Eliphalet Slack (1778-1843) was one of ten children of John Slack (d.1823) of Weston, Mass. Among Eliphalet's sisters and brothers were: Elizabeth (1786-1873); Robert Fuller (1793-1853); Caroline Matilda (1795-1842); and Granville (1798-1858).

In 1819, Eliphalet Slack married Abigail Cutter (1798-1840) of Weston, Massachusetts, whose brother Leonard Cutter died in 1824, leaving property in Iberville Parish, Louisiana. Eliphalet was administrator of both his father's and Cutter's estates. He went to Louisiana about 1824-1825 to examine the Cutter property, and settled his family there about 1829-1830, first at Plaquemine, later at Bay Farm on Bayou Grosse Tete. Bay Farm was purchased by Eliphalet Slack from the other Cutter heirs about 1840. It was chiefly a cotton plantation until around 1834.

The children of Eliphalet and Abigail Cutter Slack were: William Augustus (1820-1843); Charles Albert (1824-1857), who married Martha Bennett, daughter of Mrs. J.W. Stillwell, who lived on Bayou Grosse Tete; John Dutton (1832-1864), who married Mary Singleton Moore; Henry Richmond (1835-1890), who married Louisiana; and Tennessee Woolfolk (1840-1920), daughter of Austin Woolfolk (1796-1847) of Bayou Grosse Tete.

When Eliphalet Slack died in 1843, his wife and oldest son having died before him, he left in Louisiana three sons, the oldest of whom, Charles A., was only 19. The three boys kept in close touch with their relatives at Weston, Massachusetts, and at Guilderland and Albany, New York. The two younger brothers went north to be educated, while Charles A. managed the plantation (Bay Farm) at Grosse Tete. About 1844, cotton was abandoned at Bay Farm in favor of sugar cane.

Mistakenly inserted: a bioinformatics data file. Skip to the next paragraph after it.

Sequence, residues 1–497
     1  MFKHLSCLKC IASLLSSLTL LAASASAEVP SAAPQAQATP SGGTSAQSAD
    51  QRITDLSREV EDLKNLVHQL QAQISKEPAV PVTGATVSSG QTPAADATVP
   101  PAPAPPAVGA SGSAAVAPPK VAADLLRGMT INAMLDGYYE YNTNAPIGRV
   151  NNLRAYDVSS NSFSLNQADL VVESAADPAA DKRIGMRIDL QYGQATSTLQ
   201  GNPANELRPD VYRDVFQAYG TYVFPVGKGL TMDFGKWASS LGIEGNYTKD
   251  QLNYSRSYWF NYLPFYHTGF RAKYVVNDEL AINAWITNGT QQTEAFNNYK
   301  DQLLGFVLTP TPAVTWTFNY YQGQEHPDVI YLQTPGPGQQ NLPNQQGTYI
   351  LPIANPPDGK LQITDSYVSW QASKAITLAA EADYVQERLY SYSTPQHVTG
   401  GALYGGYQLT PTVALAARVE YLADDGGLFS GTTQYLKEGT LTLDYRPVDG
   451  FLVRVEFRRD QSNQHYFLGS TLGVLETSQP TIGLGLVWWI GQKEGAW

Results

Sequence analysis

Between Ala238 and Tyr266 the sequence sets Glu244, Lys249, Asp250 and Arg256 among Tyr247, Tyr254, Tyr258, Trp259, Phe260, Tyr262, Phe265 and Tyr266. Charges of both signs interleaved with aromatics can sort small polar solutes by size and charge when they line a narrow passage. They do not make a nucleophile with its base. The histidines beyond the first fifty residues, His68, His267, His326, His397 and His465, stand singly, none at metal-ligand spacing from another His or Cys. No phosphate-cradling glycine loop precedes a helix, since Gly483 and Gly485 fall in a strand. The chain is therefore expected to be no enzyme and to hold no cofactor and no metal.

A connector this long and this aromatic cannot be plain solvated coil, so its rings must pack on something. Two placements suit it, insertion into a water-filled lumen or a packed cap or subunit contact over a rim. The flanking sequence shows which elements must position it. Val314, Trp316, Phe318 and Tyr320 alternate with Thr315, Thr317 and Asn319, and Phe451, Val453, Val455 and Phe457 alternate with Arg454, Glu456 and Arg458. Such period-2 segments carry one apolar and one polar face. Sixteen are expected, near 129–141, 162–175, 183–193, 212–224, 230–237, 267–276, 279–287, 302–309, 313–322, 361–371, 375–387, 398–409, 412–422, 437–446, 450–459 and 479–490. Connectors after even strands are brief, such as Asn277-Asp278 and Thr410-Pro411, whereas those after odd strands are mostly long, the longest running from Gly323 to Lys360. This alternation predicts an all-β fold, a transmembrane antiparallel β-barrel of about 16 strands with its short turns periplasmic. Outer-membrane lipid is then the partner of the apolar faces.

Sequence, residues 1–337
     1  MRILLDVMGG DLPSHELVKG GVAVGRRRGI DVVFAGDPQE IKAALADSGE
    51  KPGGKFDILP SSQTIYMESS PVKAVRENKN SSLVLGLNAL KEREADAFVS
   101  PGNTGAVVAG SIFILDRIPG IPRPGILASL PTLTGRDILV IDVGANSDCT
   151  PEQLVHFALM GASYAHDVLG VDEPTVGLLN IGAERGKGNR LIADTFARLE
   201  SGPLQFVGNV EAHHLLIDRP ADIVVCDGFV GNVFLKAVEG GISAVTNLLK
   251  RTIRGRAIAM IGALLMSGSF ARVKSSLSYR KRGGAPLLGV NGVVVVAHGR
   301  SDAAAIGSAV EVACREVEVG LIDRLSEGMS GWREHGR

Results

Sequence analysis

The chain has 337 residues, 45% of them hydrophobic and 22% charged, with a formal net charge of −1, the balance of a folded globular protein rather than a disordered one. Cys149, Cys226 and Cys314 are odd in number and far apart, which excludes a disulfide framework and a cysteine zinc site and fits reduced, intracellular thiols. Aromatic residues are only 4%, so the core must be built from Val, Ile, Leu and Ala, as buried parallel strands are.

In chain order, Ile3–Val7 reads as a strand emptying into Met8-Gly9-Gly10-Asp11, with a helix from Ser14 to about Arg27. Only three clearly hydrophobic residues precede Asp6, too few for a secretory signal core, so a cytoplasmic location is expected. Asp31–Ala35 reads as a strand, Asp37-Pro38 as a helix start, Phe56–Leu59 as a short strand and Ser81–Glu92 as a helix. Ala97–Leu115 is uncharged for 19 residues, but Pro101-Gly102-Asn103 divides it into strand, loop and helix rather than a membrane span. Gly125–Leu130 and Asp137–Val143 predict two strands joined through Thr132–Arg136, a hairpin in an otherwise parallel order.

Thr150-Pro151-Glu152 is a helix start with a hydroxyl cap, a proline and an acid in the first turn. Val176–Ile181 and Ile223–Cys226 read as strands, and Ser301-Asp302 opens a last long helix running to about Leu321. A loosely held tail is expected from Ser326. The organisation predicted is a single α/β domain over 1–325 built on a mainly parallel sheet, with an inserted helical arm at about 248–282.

Louisiana Woolfolk Slack had three brothers and a sister: Joseph Biggers Woolfolk (1833-1904); Austin Woolfolk (1837-1871); Sarah Jane Woolfolk (1842-1915), who married William Howard Simrall; and Samuel Richard Woolfolk (1847-1859).

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expand/collapse Expand/collapse Scope and Content

This collection consists mainly of family and personal correspondence; school essays and other modest writings; legal papers, bills, and receipts; military papers; and a limited-edition volume compiled by William S. Slack.

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Contents list

expand/collapse Expand/collapse Series Quick Links

expand/collapse Expand/collapse Series 1. Correspondence, 1825-1917 and undated.

About 280 items.

Arrangement: chronological.

Chiefly personal correspondence between members of the Slack family, other relatives, friends, and professional associates.

expand/collapse Expand/collapse Subseries 1.1. 1825-1865.

About 240 items.

Correspondence from 1825 to 1843 is chiefly between Eliphalet and Abigail (Cutter) Slack and their Slack and Cutter relatives in Massachusetts, New York, and Louisiana. Among the communications in this period are items from John Dutton (see also Financial and Legal Papers), judge of the Parish of Iberville, Louisiana, and letters from Martha Cutter, Methuen, Massachusetts, to Abigail Slack, 1833; there is also correspondence between the sons of Eliphalet and Abigail Slack. In a letter from Methuen, Massachusetts, July 2, 1835, to Eliphalet Slack in Louisiana, A. Durant tells of the good outlook for cotton factories and silk worm cultivation. There are letters about family deaths in October 1839 (baby Edward White Slack), September 1842 (Caroline Matilda Slack), July 1843 (William A. Slack), and in August 1843 (Eliphalet Slack).

There are five letters to Colonel Austin Woolfolk indicating business interests in farming near Jackson, Tennessee, and at New Orleans, Plaquemine, and Baltimore (dated: 24 October 1841; 1 March, 23 July, 16 August, 31 December 1844).

There are five letters to Colonel Austin Woolfolk indicating business interests in farming near Jackson, Tennessee, and at New Orleans, Plaquemine, and Baltimore (dated: 24 October 1841; 1 March, 23 July, 16 August, 31 December 1844).

Letters dating 1844-1845 are chiefly from Charles A. Slack, at Bayou Grosse Tete, to his relatives--uncle John Slack at Guilderland Center, Albany County, New York, and aunts, cousins, and younger brother, Henry R. Slack, at school in New York. Two letters written by cousin John S. Whiting at Grosse Tete, 1848-1849, are included.